I used to hate waiting in line. You shift your feet. You wish for a place to sit, or something to lean against. You wonder why the goofball at the front of the line is taking so long. You avoid eye contact with the other people in line. You make small talk with the other people in line when the goofball at the front takes another ten minutes. You rage at the cashier/teller/ticket taker and every other person in the vicinity for wasting your time, for being so slow, for not opening a brand-new line just for you.
But after living in the Philippines, I've decided that lines are my friend. I miss them. I want them back. I crave orderly conduct and respect for personal space.
I went to the bank today. For an hour and a half.
They don't have lines here so much as blobs. Blobs of people who swarm around a counter until they catch someone's eye. But if there is a line, you never make the mistake of leaving a few inches between you and the next person. That's like standing on a chair and screaming into a megaphone: "Wow! Unoccupied space, here for the taking! Act now! I'm not really in line; I'm just here to raise my blood pressure!"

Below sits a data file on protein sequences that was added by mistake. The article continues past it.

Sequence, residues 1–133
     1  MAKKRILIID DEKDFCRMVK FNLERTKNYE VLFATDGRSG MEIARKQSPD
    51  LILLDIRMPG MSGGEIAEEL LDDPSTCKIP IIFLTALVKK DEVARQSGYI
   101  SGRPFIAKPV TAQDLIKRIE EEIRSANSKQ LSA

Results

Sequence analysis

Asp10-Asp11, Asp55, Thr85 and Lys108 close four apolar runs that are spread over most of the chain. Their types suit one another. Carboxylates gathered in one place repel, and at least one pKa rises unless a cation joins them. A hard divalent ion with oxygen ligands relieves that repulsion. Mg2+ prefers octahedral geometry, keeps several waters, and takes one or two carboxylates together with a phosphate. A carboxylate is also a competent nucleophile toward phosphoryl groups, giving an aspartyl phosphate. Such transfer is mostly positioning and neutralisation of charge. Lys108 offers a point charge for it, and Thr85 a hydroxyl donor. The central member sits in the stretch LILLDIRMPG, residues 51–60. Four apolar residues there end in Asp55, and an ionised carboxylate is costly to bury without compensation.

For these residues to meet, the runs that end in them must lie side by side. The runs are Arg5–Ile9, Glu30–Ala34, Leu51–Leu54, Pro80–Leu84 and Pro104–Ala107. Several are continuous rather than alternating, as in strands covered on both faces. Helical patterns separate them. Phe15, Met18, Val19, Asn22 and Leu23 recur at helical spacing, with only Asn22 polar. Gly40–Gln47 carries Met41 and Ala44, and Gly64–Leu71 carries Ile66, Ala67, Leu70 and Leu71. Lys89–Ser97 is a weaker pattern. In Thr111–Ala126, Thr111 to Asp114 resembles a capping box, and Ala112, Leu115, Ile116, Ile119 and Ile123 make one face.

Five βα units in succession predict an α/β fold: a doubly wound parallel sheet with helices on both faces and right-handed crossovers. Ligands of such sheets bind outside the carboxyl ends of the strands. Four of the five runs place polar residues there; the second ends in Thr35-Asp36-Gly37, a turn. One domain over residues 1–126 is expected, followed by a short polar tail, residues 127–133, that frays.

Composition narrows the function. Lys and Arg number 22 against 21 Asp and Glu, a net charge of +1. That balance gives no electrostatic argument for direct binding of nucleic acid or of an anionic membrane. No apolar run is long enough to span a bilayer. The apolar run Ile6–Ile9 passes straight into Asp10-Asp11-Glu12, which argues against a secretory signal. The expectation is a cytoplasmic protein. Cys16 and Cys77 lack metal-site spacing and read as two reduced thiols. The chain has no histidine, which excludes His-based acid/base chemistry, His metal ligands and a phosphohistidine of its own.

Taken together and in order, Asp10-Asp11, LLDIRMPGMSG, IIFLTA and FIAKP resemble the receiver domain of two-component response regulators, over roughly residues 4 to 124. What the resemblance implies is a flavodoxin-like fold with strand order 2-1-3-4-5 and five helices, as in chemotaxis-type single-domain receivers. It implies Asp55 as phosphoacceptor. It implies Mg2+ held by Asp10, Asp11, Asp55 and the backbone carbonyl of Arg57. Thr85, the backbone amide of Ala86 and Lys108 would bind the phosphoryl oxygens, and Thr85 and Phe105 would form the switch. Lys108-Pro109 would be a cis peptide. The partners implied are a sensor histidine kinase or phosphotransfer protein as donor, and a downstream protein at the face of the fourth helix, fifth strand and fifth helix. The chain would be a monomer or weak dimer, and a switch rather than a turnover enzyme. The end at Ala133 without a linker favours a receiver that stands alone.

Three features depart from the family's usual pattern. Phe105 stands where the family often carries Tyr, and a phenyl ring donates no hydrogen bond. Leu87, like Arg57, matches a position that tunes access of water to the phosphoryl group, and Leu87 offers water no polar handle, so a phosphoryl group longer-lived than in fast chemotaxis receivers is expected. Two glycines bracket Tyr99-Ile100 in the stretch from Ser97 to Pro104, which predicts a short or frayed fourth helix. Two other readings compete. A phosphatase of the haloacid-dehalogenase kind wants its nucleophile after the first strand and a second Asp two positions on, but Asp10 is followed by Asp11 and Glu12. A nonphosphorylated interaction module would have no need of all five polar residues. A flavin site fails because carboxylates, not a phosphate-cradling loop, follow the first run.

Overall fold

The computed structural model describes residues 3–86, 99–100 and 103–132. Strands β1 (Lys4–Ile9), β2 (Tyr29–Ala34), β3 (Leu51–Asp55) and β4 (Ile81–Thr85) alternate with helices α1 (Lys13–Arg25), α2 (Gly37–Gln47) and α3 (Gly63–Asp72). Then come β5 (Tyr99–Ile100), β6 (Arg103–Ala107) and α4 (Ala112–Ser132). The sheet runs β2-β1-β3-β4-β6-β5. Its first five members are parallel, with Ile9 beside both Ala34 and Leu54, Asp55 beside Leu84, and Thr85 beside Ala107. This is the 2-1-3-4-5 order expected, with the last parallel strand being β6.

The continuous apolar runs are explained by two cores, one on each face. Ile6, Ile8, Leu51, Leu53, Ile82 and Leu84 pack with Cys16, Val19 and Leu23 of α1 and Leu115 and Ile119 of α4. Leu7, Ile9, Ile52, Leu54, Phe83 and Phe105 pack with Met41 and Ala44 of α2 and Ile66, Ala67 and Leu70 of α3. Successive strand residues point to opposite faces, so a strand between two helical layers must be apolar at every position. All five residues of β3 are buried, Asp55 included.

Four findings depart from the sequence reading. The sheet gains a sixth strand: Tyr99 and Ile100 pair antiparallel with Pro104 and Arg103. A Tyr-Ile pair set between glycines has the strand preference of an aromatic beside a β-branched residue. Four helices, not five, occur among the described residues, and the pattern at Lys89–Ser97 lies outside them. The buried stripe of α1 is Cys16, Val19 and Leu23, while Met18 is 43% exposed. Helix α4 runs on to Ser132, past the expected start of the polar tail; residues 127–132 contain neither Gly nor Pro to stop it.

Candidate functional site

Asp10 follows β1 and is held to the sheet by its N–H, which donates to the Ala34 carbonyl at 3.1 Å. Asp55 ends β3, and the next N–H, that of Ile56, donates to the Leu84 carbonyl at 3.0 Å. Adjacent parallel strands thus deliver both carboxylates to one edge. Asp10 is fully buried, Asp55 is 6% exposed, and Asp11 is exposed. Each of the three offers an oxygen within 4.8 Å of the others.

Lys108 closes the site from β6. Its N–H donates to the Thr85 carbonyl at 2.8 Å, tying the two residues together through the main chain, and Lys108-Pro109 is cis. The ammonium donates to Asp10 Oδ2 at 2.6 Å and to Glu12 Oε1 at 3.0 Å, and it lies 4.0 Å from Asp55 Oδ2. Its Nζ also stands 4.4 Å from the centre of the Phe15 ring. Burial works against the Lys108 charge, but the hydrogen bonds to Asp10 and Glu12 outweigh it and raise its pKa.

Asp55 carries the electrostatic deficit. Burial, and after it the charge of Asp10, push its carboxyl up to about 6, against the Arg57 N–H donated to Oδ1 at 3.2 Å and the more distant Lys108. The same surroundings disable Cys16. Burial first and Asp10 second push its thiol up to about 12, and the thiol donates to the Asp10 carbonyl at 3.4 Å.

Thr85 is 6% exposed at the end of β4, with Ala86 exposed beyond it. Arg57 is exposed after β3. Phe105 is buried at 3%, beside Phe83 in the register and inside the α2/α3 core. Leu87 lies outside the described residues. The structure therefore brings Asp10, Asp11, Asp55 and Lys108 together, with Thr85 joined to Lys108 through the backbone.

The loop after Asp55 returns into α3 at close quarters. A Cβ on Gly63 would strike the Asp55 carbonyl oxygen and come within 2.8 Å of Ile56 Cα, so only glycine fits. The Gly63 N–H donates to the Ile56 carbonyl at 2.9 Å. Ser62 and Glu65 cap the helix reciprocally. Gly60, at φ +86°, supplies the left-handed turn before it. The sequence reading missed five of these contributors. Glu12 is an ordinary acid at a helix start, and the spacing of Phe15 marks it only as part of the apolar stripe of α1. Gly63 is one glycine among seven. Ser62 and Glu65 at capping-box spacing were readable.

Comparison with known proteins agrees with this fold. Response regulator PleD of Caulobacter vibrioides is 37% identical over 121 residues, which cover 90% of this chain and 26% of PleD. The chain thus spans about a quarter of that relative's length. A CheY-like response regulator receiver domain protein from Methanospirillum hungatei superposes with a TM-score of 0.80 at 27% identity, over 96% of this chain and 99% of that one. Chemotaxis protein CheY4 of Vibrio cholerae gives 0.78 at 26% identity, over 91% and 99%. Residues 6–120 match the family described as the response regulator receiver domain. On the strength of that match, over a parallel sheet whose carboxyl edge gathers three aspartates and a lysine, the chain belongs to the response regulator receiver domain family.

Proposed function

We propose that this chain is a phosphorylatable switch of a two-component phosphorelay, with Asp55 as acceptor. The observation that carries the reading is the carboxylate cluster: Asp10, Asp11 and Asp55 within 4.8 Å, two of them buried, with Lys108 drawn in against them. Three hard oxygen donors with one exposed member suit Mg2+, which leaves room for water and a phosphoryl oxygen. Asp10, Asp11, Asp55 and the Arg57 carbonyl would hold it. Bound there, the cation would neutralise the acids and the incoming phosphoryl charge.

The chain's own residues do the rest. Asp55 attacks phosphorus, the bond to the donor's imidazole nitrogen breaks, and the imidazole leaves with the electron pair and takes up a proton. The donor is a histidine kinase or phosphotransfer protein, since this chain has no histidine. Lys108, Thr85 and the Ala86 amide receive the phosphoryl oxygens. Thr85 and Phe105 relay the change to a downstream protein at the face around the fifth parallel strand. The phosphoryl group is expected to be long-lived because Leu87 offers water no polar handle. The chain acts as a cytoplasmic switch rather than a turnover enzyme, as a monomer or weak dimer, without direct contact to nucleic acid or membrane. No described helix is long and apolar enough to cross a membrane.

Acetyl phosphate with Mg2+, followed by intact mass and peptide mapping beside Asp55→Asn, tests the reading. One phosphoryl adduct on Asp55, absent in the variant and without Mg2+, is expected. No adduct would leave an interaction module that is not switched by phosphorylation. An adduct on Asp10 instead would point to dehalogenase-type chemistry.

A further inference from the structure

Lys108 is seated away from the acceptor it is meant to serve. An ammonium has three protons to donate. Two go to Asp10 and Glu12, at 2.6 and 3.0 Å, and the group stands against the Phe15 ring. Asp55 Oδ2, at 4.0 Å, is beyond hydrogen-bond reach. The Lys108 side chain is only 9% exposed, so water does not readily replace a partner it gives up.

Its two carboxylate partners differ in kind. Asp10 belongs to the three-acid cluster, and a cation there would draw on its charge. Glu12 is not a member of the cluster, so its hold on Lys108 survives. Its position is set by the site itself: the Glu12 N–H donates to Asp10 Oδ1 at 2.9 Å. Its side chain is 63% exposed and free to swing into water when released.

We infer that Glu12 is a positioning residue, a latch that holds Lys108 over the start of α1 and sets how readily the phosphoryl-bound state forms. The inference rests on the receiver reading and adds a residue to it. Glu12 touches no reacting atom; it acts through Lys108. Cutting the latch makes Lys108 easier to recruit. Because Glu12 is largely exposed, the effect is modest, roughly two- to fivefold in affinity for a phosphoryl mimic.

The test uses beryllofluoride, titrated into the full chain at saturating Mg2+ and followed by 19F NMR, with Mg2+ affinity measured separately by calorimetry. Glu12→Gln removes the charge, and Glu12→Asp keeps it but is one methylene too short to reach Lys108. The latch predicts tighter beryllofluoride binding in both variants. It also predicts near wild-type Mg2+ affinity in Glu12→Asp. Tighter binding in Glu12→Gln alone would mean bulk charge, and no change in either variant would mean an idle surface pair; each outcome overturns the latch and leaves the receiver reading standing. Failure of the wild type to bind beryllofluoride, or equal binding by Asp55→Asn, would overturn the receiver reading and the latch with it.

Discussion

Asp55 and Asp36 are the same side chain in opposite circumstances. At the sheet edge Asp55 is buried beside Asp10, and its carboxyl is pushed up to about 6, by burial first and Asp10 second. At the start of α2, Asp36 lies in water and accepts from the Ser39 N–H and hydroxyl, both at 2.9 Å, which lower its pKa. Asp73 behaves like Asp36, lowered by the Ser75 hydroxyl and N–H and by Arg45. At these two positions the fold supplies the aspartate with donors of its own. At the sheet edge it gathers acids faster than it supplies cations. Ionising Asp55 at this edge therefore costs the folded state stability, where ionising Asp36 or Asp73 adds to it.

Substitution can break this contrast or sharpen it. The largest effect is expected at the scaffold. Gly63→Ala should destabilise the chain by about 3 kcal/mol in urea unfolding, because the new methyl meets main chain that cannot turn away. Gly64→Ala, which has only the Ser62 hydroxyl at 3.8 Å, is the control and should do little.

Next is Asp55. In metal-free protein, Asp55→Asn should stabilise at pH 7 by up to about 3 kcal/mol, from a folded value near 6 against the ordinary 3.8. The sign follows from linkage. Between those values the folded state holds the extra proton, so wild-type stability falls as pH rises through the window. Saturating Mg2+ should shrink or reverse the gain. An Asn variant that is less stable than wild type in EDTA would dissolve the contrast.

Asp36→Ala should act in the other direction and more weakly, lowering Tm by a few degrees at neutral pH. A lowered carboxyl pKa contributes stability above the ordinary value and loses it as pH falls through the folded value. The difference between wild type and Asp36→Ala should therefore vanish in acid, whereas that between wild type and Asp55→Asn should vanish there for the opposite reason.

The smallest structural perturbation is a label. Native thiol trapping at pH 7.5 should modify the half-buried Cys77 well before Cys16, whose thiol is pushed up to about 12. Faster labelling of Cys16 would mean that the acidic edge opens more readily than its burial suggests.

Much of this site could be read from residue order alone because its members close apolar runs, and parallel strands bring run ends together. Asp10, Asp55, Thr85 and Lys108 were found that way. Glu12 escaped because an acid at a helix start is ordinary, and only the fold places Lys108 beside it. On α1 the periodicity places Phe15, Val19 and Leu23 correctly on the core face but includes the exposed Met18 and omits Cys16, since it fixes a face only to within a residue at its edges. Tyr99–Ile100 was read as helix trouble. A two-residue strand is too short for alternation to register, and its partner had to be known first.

You get used to it eventually. After you move past the disbelief, the shock of violation to your sense of fair play, you swap your good manners for pure survival instinct. No more polite, "After you." No more hanging back until you can distinguish a clear pattern among the blob. Charge right into the fray. Snuggle up to the person in front of you and get cozy for the duration. Demand the attention of the customer service individual.
Walk right into that bank, shoulder your way past the milling crowd, and plop yourself down at the service desk to process your twice monthly transfers.
And bring a book. Because getting to the front of the line is only Lesson One.
Lesson Two: Waiting patiently while something that should take five minutes actually takes an hour and a half.